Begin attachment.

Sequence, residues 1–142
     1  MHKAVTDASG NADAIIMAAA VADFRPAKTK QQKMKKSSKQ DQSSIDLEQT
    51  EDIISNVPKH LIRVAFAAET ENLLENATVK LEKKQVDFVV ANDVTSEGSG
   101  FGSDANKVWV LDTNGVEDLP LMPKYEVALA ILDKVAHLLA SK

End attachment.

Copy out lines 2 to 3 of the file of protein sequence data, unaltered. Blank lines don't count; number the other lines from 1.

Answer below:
     1  MHKAVTDASG NADAIIMAAA VADFRPAKTK QQKMKKSSKQ DQSSIDLEQT
    51  EDIISNVPKH LIRVAFAAET ENLLENATVK LEKKQVDFVV ANDVTSEGSG